Anniversary of E.P. Thompson’s The Making of The English Working Class

Apparently, it has been 50 years since The Making Of The English Working Class was first published, or at least so says Ian Bone. I read my parents’ copy a while back (10 years ago, o dear), and keep on referring to it. When my dad gave me L’Insomiaque’s new book on the Luddites (which I strongly recommend, but as it is in French, I have not written about it), I was quite excited that it largely draws from E.P. Thompson’s book, as it guarantees an interesting approach to the Luddites (compared to works in which they are described as out-dated romantics or eco-warriors before their time).

The Making Of The English Working Class does what it says on the cover: instead of centering on the industrial revolution as the birth of capitalism, it centres on the violent process of creating an industrial working class. Sadly, I don’t have a copy around, for which I have no excuse as it is one of those Pelican major classics that can be picked up from many charity shops. It is a pretty long book, and it does have an interest to read it in its continuity, but even if you only read a couple of chapters about what interests you more particularly, it will still be worth it.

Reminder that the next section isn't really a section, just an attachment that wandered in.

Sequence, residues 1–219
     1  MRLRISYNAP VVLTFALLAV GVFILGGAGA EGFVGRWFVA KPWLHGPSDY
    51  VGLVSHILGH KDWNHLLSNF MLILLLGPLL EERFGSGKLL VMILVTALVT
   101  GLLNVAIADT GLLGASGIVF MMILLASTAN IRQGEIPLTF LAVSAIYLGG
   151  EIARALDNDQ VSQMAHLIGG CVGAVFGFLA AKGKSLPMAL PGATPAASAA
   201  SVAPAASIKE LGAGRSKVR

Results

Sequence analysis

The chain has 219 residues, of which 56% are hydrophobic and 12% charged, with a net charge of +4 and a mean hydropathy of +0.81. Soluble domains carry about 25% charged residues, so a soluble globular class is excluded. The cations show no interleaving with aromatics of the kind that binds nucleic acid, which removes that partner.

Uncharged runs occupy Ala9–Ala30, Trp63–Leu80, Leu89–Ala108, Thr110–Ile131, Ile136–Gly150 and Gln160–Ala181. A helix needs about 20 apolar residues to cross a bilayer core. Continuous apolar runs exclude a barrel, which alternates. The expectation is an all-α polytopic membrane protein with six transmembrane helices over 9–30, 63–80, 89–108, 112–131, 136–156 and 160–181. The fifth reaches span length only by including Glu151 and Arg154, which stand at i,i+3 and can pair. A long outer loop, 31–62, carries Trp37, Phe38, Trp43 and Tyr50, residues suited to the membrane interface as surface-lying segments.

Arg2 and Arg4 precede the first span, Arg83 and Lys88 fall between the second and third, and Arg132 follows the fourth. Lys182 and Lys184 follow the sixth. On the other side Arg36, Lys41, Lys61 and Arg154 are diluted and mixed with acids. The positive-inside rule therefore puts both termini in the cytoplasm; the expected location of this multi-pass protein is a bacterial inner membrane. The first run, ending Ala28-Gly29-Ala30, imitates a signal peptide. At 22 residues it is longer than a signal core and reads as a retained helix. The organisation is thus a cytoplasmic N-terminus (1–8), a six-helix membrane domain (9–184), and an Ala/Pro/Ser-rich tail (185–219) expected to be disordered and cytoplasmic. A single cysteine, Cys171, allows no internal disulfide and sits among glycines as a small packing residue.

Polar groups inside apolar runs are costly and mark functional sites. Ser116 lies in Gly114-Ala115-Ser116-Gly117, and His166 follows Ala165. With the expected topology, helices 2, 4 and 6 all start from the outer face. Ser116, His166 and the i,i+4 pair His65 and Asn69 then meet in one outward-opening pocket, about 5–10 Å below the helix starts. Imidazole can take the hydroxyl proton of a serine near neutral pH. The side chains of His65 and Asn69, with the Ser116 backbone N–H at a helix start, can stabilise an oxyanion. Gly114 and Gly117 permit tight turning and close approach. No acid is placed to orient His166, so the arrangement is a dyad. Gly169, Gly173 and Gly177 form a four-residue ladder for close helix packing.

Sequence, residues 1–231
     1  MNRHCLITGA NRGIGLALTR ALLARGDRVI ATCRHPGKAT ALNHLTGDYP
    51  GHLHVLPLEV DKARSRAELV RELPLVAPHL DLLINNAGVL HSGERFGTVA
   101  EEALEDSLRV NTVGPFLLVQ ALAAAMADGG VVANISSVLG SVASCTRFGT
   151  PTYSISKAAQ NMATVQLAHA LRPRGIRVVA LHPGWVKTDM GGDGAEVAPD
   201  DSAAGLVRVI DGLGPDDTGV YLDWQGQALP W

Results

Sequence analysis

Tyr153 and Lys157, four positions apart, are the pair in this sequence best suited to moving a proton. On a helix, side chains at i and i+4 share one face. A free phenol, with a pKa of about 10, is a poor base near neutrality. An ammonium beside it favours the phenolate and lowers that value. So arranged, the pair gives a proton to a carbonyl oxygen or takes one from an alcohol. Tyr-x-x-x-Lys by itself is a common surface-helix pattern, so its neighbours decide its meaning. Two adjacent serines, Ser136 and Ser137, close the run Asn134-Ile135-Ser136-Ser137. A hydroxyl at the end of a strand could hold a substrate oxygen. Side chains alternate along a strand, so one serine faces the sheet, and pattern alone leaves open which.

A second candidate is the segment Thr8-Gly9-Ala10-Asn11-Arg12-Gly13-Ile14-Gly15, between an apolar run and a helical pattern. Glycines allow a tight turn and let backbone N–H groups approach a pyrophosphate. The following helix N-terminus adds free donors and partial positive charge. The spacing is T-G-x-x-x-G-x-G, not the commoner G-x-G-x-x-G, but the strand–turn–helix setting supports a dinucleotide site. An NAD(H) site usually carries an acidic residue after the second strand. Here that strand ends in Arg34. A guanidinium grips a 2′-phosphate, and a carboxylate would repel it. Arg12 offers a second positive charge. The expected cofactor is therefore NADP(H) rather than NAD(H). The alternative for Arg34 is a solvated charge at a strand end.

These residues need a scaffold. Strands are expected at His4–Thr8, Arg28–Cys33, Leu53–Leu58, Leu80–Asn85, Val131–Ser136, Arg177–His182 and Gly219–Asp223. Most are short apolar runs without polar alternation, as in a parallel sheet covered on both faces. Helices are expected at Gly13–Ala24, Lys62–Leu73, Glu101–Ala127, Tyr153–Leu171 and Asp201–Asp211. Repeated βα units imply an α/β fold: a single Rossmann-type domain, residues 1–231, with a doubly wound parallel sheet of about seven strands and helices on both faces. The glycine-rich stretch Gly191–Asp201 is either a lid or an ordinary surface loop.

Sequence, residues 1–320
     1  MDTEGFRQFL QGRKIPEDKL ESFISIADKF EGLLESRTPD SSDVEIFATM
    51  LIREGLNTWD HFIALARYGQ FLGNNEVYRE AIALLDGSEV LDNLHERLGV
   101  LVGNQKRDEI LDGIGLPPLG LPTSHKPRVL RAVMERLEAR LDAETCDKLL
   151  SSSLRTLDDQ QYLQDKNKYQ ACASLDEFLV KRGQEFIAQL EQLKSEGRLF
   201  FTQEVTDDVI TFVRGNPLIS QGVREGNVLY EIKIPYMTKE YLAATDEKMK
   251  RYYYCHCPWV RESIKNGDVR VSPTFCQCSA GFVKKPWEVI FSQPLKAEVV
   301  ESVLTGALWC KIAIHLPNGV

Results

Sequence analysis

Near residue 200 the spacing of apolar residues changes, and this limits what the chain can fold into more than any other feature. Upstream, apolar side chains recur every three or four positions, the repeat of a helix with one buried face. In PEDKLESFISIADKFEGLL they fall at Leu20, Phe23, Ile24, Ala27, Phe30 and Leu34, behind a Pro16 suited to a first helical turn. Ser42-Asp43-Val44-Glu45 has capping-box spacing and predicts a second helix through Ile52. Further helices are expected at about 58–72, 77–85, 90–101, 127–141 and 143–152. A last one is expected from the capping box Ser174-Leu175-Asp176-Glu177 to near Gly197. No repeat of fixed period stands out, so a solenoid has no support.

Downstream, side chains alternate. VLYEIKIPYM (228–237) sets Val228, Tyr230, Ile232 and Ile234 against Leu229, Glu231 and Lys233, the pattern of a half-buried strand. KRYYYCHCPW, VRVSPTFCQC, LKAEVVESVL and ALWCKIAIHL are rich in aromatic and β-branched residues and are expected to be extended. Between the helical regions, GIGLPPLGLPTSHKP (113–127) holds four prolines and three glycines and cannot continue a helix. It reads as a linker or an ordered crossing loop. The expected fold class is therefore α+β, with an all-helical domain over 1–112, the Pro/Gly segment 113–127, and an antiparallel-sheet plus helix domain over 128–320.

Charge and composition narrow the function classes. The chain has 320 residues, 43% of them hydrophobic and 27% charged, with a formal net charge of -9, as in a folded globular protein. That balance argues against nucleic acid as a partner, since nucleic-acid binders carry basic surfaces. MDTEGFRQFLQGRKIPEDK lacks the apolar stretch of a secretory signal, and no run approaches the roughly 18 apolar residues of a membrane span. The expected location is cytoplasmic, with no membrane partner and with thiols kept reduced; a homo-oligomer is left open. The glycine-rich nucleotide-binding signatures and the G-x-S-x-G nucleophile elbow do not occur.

I am always highly suspicious of Marxist historians, but E.P. Thompson’s work is as far as I can tell entirely intellectually honest. I would say that its development about how the working-class was made has consequences for people who wish to ‘un-make’ it and dream of a classless society which largely contradicts orthodox Marxist views (and some anarchists’ views as well, to be fair).